# Fitting a observed value to a Binomial Distribution Turing

I am new to Turing and trying to learn it by trying to replicate the Chapters from the book :- https://github.com/CamDavidsonPilon/Probabilistic-Programming-and-Bayesian-Methods-for-Hackers .
Here is my problem (from Chapter 2) :-

1.) Have a probability p ~ Uniform(0,1) which I have to infer the “number_of_cheaters”
2.) p_skewed = p*(0.5) + (0.25) (deterministic value)
3.) with model:
yes_responses = pm.Binomial(“number_of_cheaters”, 100, p_skewed, observed=35)

How do I write this in Turing ?

This is how far I have come up :-

@model function model(yes_responses,N)
p ~ Uniform(0,1)
p_skewed = p*(0.5)+0.25
rv_yes_responses ~ Binomial(N,p_skewed)

``````// This line on how to include yes_responses i am unable to figure out

return p_skewed
``````

end

Here’s how I would model this. The “magic” is to use `p_skewed ~ Dirac(p*(0.5)+0.25)` which will place `p_skewed` in the summary of the chains. Note that you can directly observe the value of `yes_responses` by the line `yes_reponses ~ Binomial(N,p_skewed)`.

``````using Turing

@model function cheating_model(yes_responses,N)
p ~ Uniform(0,1)
p_skewed ~ Dirac(p*(0.5)+0.25)               # Use  <var> ~  Dirac(<val>) to make it visible in the chain
yes_responses ~ Binomial(N,p_skewed)  # Observe the yes_responses
end

yes_response = 35 # There are 35 yes responses
N = 100                   #  of total 100 responses
model = cheating_model(yes_response,N)

chns = sample(model, PG(5),  1_000)

display(chns)
# display(plot(chns))
``````

Here’s the output of this model:

``````Summary Statistics
parameters      mean       std   naive_se      mcse         ess      rhat   ess_per_sec
Symbol   Float64   Float64    Float64   Float64     Float64   Float64       Float64

p    0.2072    0.0914     0.0009    0.0012   5132.6224    0.9999     3821.7590
p_skewed    0.3536    0.0457     0.0005    0.0006   5132.6224    0.9999     3821.7590

Quantiles
parameters      2.5%     25.0%     50.0%     75.0%     97.5%
Symbol   Float64   Float64   Float64   Float64   Float64

p    0.0414    0.1403    0.2045    0.2686    0.3943
p_skewed    0.2707    0.3201    0.3523    0.3843    0.4471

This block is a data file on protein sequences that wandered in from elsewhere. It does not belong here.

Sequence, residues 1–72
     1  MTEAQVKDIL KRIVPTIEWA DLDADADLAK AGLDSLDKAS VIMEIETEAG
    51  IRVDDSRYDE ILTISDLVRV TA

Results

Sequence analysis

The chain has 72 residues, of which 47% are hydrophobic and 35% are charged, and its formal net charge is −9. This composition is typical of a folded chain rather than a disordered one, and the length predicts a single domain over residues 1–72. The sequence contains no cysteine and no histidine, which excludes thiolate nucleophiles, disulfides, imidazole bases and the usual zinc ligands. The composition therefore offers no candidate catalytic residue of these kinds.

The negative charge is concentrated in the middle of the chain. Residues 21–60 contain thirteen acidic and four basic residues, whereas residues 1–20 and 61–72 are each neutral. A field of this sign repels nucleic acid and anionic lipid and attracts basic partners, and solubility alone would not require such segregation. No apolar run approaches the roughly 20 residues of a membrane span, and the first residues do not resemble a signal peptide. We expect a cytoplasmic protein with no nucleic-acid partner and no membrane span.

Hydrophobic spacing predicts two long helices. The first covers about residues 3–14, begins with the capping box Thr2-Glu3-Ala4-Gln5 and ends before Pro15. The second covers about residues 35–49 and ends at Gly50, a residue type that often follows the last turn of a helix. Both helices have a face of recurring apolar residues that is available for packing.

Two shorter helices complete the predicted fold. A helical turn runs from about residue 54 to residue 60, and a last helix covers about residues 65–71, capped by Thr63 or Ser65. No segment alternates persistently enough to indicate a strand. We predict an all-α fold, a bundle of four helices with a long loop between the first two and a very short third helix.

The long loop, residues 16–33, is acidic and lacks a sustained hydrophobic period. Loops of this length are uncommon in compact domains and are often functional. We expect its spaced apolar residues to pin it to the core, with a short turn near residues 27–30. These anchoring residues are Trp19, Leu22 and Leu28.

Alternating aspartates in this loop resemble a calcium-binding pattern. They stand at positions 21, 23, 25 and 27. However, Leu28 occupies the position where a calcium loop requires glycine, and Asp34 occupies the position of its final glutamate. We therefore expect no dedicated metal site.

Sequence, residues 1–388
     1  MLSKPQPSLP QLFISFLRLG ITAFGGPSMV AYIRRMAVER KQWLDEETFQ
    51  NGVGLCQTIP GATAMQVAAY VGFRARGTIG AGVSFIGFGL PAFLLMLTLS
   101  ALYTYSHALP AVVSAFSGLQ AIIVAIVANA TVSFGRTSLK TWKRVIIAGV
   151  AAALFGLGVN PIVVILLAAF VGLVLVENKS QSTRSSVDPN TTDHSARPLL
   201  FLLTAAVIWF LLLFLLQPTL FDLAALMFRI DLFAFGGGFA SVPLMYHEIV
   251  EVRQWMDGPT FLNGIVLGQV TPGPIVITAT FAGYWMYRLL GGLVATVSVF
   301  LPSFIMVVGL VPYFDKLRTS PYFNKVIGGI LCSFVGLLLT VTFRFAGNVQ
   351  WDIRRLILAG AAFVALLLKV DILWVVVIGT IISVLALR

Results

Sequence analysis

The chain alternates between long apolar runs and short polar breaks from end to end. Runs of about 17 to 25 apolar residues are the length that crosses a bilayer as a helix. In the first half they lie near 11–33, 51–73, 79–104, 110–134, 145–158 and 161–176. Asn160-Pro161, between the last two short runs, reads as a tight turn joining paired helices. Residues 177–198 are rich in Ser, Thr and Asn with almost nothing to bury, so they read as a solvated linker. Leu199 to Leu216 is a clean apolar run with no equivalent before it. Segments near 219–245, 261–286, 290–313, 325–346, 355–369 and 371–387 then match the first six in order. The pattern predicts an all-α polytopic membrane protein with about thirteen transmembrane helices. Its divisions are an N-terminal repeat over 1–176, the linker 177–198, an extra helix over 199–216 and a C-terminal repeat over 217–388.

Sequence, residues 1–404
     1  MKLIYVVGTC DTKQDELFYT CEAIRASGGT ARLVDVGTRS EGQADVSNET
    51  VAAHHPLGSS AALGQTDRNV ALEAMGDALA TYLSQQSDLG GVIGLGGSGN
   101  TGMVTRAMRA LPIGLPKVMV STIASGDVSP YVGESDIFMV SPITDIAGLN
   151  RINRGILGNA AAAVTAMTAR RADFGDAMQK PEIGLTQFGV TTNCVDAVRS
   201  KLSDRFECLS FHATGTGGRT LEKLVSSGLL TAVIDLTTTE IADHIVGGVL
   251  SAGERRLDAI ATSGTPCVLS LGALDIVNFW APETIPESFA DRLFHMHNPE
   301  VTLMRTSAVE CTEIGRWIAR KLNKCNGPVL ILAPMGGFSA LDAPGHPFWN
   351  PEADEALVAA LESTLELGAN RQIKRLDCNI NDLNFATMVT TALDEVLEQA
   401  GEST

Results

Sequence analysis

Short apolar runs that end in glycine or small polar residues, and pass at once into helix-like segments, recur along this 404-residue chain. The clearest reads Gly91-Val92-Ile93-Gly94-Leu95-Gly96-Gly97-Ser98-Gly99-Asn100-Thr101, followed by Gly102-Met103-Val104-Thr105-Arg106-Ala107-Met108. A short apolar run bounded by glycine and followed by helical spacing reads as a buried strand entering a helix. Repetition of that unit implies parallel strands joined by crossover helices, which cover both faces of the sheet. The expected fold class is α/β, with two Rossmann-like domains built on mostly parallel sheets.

``````

Below is an alternative model which - instead of the “Dirac trick” - use `p_skewed` as a return value instead. This means that `p_skewed` is not shown in the chains, so we have to use the `generated_quantities` function to extract that information (and we must first weed out some of values to just get the return value). `summarystats` is then used to print the statistics of the values.

``````@model function cheating_model2(yes_responses,N)
p ~ Uniform(0,1)
p_skewed = p*(0.5)+0.25                          # This is not in the chains
yes_responses ~ Binomial(N,p_skewed)  # Observe the yes_responses

return p_skewed
end

yes_response = 35
N = 100
model = cheating_model2(yes_response,N)

chns = sample(model, PG(5),  1_000)
display(chns)

# display(plot(chns))

# Filter out the relevant values to show the values of p_skewed
chains_params = Turing.MCMCChains.get_sections(chns, :parameters)
genq = generated_quantities(model, chains_params)
# Show some statistics of the return value
display(summarystats(vcat(genq...)))
``````

Here’s the output of that model:

``````Summary Statistics
parameters      mean       std   naive_se      mcse        ess      rhat   ess_per_sec
Symbol   Float64   Float64    Float64   Float64    Float64   Float64       Float64

p    0.2187    0.0862     0.0027    0.0018   497.5426    0.9995      649.5334

Quantiles
parameters      2.5%     25.0%     50.0%     75.0%     97.5%
Symbol   Float64   Float64   Float64   Float64   Float64

p    0.0555    0.1619    0.2182    0.2724    0.4071

Summary Stats:
Length:         1000
Missing Count:  0
Mean:           0.359366
Minimum:        0.252196
1st Quartile:   0.330973
Median:         0.359121
3rd Quartile:   0.386188
Maximum:        0.571029
``````

I personally prefer using `Dirac` for this kind of problems, but some samplers have problems using it; the `PG` sampler mostly works. If that fails then the “return trick” works.

1 Like

Thank you so much. I have used the second solution actually. But the first one is actually interesting !